Example 1 - not deductible - not incurred

10. Corey's parents buy him a 12-month technical magazine subscription for Christmas which is connected to his work. Corey cannot claim a deduction for the subscription price because he did not incur the expense. If Corey had subscribed himself, he would have incurred the expense when he paid or became obliged to pay the subscription amount.

11. Employees are not entitled to deduct incurred expenses if they are reimbursed by their employer.[11]

Example 2 - not deductible - reimbursed

12. Alex takes a company car to attend a work-related meeting. He spends $28 to park the car at the location of the meeting. When he returns to his office, he provides the car parking receipt to his employer and his employer pays him the $28 he has spent. As this is a reimbursement, Alex cannot claim a deduction for the car parking expense. For the same reason, he would not declare the amount from his employer as income in his tax return.

In gaining or producing assessable income

13. The pivotal element of section 8-1 for work expenses is the requirement that expenses be incurred 'in gaining or producing assessable income'. The High Court majority in Payne[12] said it is well established that these words are to be understood as meaning incurred 'in the course of' gaining or producing assessable income, and do not convey the meaning of outgoings incurred 'in connection with' or 'for the purpose' of deriving assessable income.

14. The majority further stated that the meaning of 'in the course of' gaining or producing income was amplified in Ronpibon Tin NL where it was held that[13]:


.....to come within the initial part of [s8-1] it is both sufficient and necessary that the occasion of the loss or outgoing should be found in whatever is productive of the assessable income, or if none be produced, would be expected to produce assessable income....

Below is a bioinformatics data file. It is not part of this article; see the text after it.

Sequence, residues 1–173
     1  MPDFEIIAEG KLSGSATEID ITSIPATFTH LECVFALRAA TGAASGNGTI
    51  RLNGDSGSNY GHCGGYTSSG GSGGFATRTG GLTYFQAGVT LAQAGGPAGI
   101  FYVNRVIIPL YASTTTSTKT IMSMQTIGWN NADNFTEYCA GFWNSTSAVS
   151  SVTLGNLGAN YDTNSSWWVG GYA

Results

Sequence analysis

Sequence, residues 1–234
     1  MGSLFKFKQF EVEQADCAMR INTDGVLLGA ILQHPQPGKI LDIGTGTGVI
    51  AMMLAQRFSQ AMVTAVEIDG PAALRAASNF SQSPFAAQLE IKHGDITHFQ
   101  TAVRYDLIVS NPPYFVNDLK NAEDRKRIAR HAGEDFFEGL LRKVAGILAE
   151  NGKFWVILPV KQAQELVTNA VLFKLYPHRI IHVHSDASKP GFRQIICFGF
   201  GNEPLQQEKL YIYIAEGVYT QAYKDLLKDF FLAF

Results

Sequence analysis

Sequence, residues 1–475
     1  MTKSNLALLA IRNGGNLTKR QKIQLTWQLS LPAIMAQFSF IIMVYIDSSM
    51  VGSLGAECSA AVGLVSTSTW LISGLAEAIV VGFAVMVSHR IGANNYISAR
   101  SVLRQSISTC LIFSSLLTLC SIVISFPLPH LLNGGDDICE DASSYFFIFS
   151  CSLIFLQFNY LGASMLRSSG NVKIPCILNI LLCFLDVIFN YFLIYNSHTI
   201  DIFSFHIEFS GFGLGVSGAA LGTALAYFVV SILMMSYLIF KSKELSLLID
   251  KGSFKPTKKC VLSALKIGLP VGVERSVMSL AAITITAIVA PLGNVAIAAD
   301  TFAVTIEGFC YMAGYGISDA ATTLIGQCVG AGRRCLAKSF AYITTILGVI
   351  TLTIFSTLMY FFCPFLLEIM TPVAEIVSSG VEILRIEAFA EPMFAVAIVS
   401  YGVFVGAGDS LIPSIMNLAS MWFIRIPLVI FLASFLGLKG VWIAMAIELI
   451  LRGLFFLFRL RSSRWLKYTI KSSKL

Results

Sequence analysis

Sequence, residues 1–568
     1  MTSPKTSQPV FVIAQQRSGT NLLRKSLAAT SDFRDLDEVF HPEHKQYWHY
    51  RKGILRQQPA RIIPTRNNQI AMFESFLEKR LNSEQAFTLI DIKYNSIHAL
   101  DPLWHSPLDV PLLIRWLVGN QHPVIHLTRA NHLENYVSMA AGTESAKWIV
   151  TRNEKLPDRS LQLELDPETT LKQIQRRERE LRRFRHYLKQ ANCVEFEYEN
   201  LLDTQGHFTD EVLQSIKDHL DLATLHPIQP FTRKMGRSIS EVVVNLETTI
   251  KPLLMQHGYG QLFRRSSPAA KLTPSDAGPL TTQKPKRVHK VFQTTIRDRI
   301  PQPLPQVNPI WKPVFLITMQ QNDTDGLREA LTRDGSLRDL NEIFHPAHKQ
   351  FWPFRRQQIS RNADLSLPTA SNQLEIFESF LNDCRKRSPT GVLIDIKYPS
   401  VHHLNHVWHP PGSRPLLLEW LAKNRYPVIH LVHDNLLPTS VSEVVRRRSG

15. While the High Court authority indicates the nature of the connection that needs to be found between outgoings and assessable income, the sufficiency of the connection in a given case cannot simply be determined by reference to a precise formula. Section 8-1 is expressed in such terms that it is intended to cover any number of legal and factual situations. In many cases, only a proper consideration of all the relevant facts and circumstances will reveal whether the occasion of a particular outgoing is to be found in what produces assessable income.

Importance of facts and circumstances

16. For expenses incurred by employees, the fundamental question is whether an expense is incurred in the course of earning employment income. This involves considering the proper scope of the particular taxpayer's work activities to determine if the circumstances of the expense have a sufficiently close connection to earning the employment income.

17. This means that an expense deductible for a taxpayer in one job is not necessarily deductible for another taxpayer holding a similar job. Variations in employment duties may have a significant bearing on the extent of connection between an expense item and the earning of income, which could explain differences in deductibility outcomes.

18. However, some expense types almost always have a relevant connection to employment activities. For example, union membership or relevant professional association subscriptions relating to employment usually have a sufficiently close connection to earning income as an employee.

19. More difficult are cases where an expense ordinarily bears the characteristics of an everyday personal expense. Although generally not deductible, a deduction may be allowed if the particular employment context creates a close connection between the expenditure and the production of assessable income through work activities; that is to say, 'the occasion of the expenditure is to be found in the income-earning activity itself'.

Example 3 - circumstances for and against a deduction

20. Michael, an arborist employed by a local council to maintain trees and gardens in a large city park, incurred expenses on a hat, sunscreen and sunglasses. Michael can claim a deduction for these expense items as they protect him from risks directly attributable to his work and, consequently, have a real and close connection to his income-earning activity. That is, the nature of Michael's employment obligations and duties is such that he will inevitably be exposed to the sun for prolonged periods in carrying out his work activities. Outdoor workers of this type necessarily incur sun protection expenses because of the nature of their occupation, irrespective of their personal circumstances.

21. By contrast, office employees would not be able to claim deductions for similar expense items because the circumstances of the expenditure would be the sun exposure risks of everyday living rather than anything occasioned by the nature of their work.